Thousands of criminal Internet pharmacies dispense millions of dosage units of pharmaceuticals.
One of the significant problems in the area of pharmaceutical diversion in this country lies in the millions of dosage units of prescription drugs that are shipped into the United States to our citizens. Some are consumed directly by the person who orders the drug, and others are trafficked in America’s streets to contribute to the abuse and diversion issues we face.
Maine recently passed a state law, effective in October 2013, allowing its citizens to order pharmaceuticals from Canada and a few other countries, in violation of federal law. This is similar to the actions of states that have passed medical and now recreational marijuana laws in direct violation of federal statutes. Both instances are not only illegal but also, in my opinion, a very bad idea. Plenty of examples of abuse already exist in the legal marijuana arena; these kinds of legal maneuvers can only worsen prescription drug problems.
Ordering pharmaceuticals illegally over the Internet is not difficult or new. Depending on the drug, many are counterfeit and contain only a small portion of the active ingredient needed; erectile dysfunction medications are most notably affected. There is also no guarantee of what fillers are present in these drugs; fillers such as drywall and cattle dung have been detected. I have seen many photos of so-called “labs” in foreign countries that are producing look-alike pharmaceuticals, and the conditions are deplorable.
What drives many people to do this? Money, of course, as many of these drugs can be ordered cheaper from Canada or Mexico. I am well aware that the savings are significant in certain cases. Other Internet orders, such as those for controlled substances, fuel addiction issues that customers can’t satisfy through doctor shopping or illicit prescribers here in the United States.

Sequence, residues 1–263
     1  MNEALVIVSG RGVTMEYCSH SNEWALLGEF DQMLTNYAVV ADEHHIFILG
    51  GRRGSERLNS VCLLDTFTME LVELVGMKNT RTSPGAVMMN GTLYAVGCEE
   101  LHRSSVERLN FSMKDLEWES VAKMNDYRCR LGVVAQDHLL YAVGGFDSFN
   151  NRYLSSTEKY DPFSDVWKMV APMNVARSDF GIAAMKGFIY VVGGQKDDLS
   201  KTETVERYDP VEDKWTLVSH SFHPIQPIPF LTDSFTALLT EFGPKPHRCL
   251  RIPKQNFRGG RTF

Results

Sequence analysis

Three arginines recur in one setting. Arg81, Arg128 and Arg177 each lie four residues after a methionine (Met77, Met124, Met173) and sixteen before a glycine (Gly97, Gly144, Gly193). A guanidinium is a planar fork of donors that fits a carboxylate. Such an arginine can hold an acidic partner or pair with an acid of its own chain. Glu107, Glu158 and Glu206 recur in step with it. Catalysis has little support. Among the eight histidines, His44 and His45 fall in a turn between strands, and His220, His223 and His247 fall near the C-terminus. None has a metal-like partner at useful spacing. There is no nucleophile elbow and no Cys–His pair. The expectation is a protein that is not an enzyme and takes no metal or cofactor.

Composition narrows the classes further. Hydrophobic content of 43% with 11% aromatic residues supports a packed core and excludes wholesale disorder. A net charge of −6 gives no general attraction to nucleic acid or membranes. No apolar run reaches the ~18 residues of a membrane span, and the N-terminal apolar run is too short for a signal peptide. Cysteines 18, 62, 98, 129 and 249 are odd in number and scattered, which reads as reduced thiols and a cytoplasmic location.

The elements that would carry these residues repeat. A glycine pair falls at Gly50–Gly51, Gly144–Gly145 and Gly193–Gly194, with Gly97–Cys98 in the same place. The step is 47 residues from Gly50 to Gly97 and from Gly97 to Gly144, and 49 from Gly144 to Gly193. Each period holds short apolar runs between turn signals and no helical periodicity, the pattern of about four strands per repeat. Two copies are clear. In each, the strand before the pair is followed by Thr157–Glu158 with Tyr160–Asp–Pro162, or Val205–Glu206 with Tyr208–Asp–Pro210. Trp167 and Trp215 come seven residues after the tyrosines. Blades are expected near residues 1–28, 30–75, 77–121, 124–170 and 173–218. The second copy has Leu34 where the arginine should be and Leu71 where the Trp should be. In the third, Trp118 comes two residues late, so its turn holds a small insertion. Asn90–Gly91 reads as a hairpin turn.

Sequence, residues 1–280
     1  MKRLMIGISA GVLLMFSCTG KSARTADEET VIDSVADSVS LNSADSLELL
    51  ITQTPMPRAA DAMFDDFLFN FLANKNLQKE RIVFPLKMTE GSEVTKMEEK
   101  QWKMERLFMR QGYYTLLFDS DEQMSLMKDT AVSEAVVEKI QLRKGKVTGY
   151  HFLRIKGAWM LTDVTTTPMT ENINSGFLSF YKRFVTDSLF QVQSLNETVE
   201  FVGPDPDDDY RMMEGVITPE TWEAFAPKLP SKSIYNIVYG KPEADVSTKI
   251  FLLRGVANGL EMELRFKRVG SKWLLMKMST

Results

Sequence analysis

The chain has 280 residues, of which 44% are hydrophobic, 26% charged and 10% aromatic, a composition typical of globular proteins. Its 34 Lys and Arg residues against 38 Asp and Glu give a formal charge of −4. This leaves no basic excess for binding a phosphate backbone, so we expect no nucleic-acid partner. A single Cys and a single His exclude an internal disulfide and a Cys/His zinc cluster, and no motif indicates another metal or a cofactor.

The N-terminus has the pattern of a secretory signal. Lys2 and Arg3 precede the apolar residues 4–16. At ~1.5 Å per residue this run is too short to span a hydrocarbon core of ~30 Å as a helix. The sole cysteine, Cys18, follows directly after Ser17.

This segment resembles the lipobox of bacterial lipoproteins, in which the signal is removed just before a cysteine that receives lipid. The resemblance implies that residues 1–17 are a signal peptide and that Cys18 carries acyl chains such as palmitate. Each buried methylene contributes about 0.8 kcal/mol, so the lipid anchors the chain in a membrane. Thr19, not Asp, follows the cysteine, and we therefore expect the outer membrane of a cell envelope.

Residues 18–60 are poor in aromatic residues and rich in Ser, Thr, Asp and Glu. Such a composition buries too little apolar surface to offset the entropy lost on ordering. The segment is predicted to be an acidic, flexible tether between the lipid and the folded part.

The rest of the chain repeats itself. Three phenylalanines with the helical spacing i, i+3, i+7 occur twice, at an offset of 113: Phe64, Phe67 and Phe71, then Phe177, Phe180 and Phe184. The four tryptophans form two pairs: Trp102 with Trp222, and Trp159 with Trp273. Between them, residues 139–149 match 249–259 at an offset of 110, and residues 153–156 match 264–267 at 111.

A case in my jurisdiction involved a person in charge of a day care service who was ordering carisoprodol over the Internet with a credit card. She found that the drugs kept coming whether she ordered them or not, as long as the credit card was valid. She ended up canceling 3 credit cards, as she would stop for a while and then start up again with a new card. She was arrested, and there are plans to pursue the violators.
In 2011, the National Association of Boards of Pharmacy (NABP) conducted a study on the legitimacy of Internet pharmacies. The NABP found that 7234 of the websites were not recommended, with 6018 (83%) not requiring a valid prescription, not requiring consultation with a pharmacist, or not taking insurance. Only 3.4% of the sites that NABP reviewed appeared to be potentially legitimate. This is not a good “track record” to support straying from American pharmacies and, in some cases, even US manufacturers.
In 2006, the Office of National Drug Control Policy identified 34 rogue Internet pharmacies and found that they had dispensed over 98 million dosage units of hydrocodone to citizens in our country. It is estimated that in that year, it would have taken 1118 average American pharmacies to match the output of hydrocodone by these Internet pharmacies.
Could we all agree that thousands of criminal Internet pharmacies dispensing hundreds of millions of dosage units of pharmaceuticals, some of them counterfeit, in the United States significantly adds to abuse and diversion issues?
Like the so-called medical marijuana issue, there is no indication that the federal government will pursue those in Maine who will soon be illegally ordering pharmaceuticals from outside the country. As with the marijuana issue, other states will likely follow with similar legislation once they find that there are no federal consequences and as some interest groups apply pressure on legislators.
This is not just an Obama issue; the Bush administration also turned a blind eye to this type of disregard of federal statutes. This not only creates new problems of abuse, it is a slippery slope as administrations decide what laws they will or will not enforce on the federal level. The unenforced federal statutes discussed here were passed by Congress for a reason, and that reason still exists.
John Burke is commander of the Warren County, Ohio, drug task force and retired commander of the Cincinnati Police Pharmaceutical Diversion Squad.